|Bus lanes, Chicago.|
Regular readers may remember that I asked Waterfire director Barnaby Evans last year if he'd ever consider cordoning off some parts of South Main and Memorial for temporary bike lanes, an idea that came to me when I realized that the traffic congestion of Waterfire made biking very safe but very unpleasant. Waterfire actually supports such an idea, or at least they did the last time I spoke to them. The reason it hasn't happened yet is that the city's emergency services have claimed that this would cause severe traffic jams, and that not moving cars through the area would be dangerous in the case of an emergency.
My response was to point out that wide bike lanes are perfect places for emergency vehicles, since no cars are in their way. And I'm backed up by experiences from the Netherlands, where biking expert David Hembrow has seen the gap between American and Dutch emergency responses. Still, it seems like this hasn't been on its way to happening, public safety be damned.
But how about bus lanes? It occurred to me coming back this weekend on the 60 from Newport that bus service is severed by Waterfire in a number of places, and that the remaining streets are so clogged with cars as to make taking the bus feel like a joke. Considering that the mission of Waterfire is supposed to be communing with the river and its natural beauty, this seems like a problem. Using Waterfire to demonstrate the usefulness of right-of-way transit in a temporary way could be a really great way for the city to advance an idea that is generally misunderstood by the public.
I'd like to propose three things:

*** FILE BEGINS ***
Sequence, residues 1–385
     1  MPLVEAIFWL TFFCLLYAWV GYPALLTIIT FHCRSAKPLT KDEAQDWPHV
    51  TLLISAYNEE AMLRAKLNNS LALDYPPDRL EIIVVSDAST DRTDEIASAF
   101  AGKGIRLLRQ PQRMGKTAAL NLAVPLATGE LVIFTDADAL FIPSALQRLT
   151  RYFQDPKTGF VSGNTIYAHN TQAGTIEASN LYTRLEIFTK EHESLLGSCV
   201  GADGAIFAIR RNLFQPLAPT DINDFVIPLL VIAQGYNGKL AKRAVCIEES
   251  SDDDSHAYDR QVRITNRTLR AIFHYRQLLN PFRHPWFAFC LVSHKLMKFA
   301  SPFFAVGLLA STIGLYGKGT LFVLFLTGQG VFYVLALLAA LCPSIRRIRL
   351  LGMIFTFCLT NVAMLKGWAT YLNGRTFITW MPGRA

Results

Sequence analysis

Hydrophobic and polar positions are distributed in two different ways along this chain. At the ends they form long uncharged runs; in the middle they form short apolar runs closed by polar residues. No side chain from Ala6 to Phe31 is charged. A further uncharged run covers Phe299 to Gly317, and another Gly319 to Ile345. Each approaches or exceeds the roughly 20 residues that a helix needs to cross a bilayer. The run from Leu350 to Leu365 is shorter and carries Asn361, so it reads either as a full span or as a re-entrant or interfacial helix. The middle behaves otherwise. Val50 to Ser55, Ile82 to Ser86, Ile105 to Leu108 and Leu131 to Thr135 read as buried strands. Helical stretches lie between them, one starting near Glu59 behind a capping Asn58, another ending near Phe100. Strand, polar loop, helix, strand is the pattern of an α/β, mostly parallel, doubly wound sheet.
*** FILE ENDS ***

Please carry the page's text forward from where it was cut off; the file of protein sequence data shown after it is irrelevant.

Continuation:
1. We need some kind of congestion pricing for Waterfire. It doesn't have to be a huge charge, or even be calculated strictly on what the market cost of driving it. It could be $1 flat fee for the night. If you want to drive in the downtown of Providence, you have to pay $1, in addition to whatever parking fees.
2. We should take one of the two lanes on S. Main, one from S. Water, and one lane in each direction from Memorial to make temporary bus lanes. Of course, I'd like to see some kind of bus lanes emerge in parts of the city in general, particularly on N. Main. But Waterfire is a special situation of unusually high traffic congestion, and in order to make the bus system function, and to help relieve that congestion, we should have bus lanes.
3. The money from the congestion pricing should go to RIPTA to extend some of the statewide bus service. It might not make sense to extend every line, but we should be able to pick a few lines that have the potential to carry more passengers. I think the 60 is a good target, because it really carries quite a lot of people anyway (almost always standing room only). What not double the frequency of the 60 on Waterfire nights, but charge a fee for drivers entering the city? Other candidates for extended bus service could be the 54 from Woonsocket, or the 66 from Narragansett/Kingston (during the school year). For some of these routes, money would be better use to extend the span of service later into the night than to increase frequency, but for the 60, service is already pretty late.
I haven't thought of an exact detailed mechanism for charging people. One idea I have is to just put the fee into parking. We do still have a lot of free parking around downtown, and we could charge at least $1 for people to park in those spots. More likely we should charge much more. This would act as a congestion charge without needing to have tolls set up at all the various entrances to downtown. But if someone has a better idea for how to levy this charge, I'd like to hear it.
Alternatively, if people find that using the fee to extend transit is too much of a stretch, we could just extend the money to Waterfire in reduced charges for set up, ultimately to be passed along to customers in either more Waterfires or cheaper food, etc. I prefer the RIPTA funding route, and think it makes more direct sense (you use a road charge to pay for transportation-related expenditures). But I could go either way.